Adult thumb sucking and putting things in the mouth


We’re used to seeing babies sucking their thumbs as it’s their typical behaviour but what makes adults do the same thing? What’s behind adult thumb sucking and why do they put things in their mouths?

Laila, an accountant working in a sales company, was auditing accounts when suddenly she put a finger in her mouth, thought for a while, and then continued working on her office computer desktop.

Tony, a construction engineer, was estimating the cost of a construction project. He put his pen in his mouth frequently as he pressed buttons on his calculator. 

Janet, while listening to a debate, was noting down important points on her notepad. Throughout the debate, her pencil was either scribbling sentences on the pad or getting sucked into her mouth.

I’m certain you’ve observed people putting their fingers or other objects in their mouth in many other similar kinds of situations or you may have even caught yourself engaging in this behaviour.

But did you ever stop to ask why? What’s so different about these situations that force people to put things in their mouth and what purpose does such behaviour serve?

The answer lies in our infancy

When an infant sucks on her mother’s breast, it not only obtains the life-sustaining, nutrient-rich mother’s milk but also receives psychological comfort and a sense of bonding.

When the infant becomes a toddler and is no longer breastfed, it achieves the same psychological comfort by sucking on its thumb or a blanket or a garment.

As the toddler keeps growing, moving from childhood into adulthood through teenage, sucking the thumb or a blanket no longer becomes acceptable. ‘It is something that only babies do’, society teaches them.

So they employ more subtle forms of the same behaviour, putting their fingers in their mouth (not the thumb because that’s too obvious) or other objects such as pens, pencils, glasses, cigarettes, etc.

adult thumb sucking

The situations in which a person feels uncomfortable or insecure and needs reassurance and comfort are the kinds of situations that trigger this behaviour.

An accountant who comes across an untraceable account, an engineer having difficulty estimating the costs or a person listening to a highly intellectual and erudite debate- all these situations can cause slight to severe emotional discomfort.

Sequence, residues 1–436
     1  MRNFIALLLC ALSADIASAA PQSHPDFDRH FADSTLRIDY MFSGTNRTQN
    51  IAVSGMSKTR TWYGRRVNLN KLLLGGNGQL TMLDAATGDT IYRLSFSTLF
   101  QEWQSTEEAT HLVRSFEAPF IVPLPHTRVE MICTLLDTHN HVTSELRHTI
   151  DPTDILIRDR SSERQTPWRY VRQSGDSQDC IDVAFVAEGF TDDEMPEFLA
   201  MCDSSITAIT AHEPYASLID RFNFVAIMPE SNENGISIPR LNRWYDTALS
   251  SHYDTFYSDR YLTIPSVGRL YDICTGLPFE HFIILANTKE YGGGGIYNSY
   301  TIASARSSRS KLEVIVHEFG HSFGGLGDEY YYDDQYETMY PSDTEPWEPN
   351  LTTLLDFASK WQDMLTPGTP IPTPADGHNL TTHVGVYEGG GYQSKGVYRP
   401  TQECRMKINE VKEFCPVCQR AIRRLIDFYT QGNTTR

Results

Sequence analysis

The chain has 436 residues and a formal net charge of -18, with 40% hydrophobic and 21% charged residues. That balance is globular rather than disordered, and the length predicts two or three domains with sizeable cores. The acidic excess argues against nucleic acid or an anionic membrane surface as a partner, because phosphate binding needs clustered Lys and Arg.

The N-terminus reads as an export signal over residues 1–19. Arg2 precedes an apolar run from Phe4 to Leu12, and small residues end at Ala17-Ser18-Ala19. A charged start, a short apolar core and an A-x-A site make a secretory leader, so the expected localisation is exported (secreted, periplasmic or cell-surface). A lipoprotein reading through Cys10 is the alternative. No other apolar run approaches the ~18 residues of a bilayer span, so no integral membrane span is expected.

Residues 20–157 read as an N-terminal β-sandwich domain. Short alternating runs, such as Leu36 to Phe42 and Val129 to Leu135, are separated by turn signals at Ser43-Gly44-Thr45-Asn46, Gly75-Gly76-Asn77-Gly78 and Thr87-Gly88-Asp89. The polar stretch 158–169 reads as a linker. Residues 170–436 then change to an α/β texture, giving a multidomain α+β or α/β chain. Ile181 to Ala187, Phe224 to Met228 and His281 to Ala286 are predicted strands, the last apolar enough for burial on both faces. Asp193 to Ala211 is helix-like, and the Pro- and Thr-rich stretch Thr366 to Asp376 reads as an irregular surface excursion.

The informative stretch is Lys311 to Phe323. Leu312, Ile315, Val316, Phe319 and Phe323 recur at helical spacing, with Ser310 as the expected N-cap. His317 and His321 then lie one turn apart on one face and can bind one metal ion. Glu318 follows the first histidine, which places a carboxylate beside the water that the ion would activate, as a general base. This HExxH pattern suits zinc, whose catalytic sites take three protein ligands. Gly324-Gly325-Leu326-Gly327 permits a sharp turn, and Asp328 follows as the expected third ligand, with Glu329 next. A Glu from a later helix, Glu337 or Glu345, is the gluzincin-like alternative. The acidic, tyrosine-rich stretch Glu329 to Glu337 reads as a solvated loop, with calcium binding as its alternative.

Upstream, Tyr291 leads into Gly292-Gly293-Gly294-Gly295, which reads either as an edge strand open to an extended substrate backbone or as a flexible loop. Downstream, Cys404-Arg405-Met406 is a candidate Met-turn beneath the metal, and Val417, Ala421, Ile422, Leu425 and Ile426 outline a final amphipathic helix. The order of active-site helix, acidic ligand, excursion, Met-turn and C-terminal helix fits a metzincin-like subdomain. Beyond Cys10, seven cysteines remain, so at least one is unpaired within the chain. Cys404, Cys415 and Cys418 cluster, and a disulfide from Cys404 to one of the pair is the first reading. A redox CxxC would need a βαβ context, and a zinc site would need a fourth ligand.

To reassure and comfort themselves, these people put things in their mouth because it provides them with the same feeling of comfort that breastfeeding provided them with when they were infants.

So putting fingers or other objects in the mouth is an unconscious attempt by the person to revert to the security of the child sucking on its mother’s breasts and this behaviour occurs when a person feels under pressure, insecure or uncomfortable.

Cigarette smoking = adult thumb-sucking

I guess by now you’ve understood why some smokers smoke cigarettes. But be careful. All smokers do not smoke for the reason that I described. Reverting to infancy related breastfeeding comfort is a major reason behind smoking but there are other psychological forces too that can lead to smoking.

An interesting study revealed that smoking has less to do with nicotine addiction and more to do with the need for comfort and reassurance. It was found that babies who were mostly bottle-fed represent the majority of adult smokers and the heaviest smokers, while the longer a baby was breastfed, the less chance there was that it would become a smoker.

Some psychologists believe that the kind of comfort that breastfeeding provides is unattainable from a bottle, the consequence being that the bottle-fed babies, as adults, continue the search for the comfort that they were deprived of in their infancy. They do this by sucking on objects which includes smoking cigarettes.

This is not surprising because every time I see someone light up, it’s always because of some kind of inner turmoil that is going on in the person. 

Anxiety during preparation for exams, impatience due to waiting for someone and anger due to a quarrel with a friend are common triggers that force a smoker to light up.

Enough with the lung damage, let’s move on to the brighter side

Putting a finger in the mouth is an attraction gesture that women sometimes do in the presence of those they are attracted to. It is a very intimate gesture and is often accompanied by a loving smile.

The woman puts one or more of her fingers in the mouth, usually near the corner, as she presses them lightly between her teeth.

adult thumb sucking female

Men are floored by this gesture and you’ll find women doing it often when they pose for magazines. But why this ordinary gesture has such a powerful effect on men? 

In an earlier post about shoulder movements, I mentioned that most female attraction signals are nothing but signals of submissive behavior. A child is the most submissive of all creatures and therefore many attractive gestures of women revolve around serving one major purpose i.e. to make the woman appear more child-like.

When a child is in the company of people whose love it requires- parents, siblings, cousins, etc. it sometimes puts its finger in its mouth in a very submissive and cute way that forces the adults around it to bombard it with hugs and kisses.

Don’t forget that a child who is loved not only has more chances of survival but is also more likely to undergo healthy psychological development.

When an adult woman does this gesture, it is a powerful submission signal that triggers the protective instinct of men and they feel the same urge to embrace her. That’s how it all works.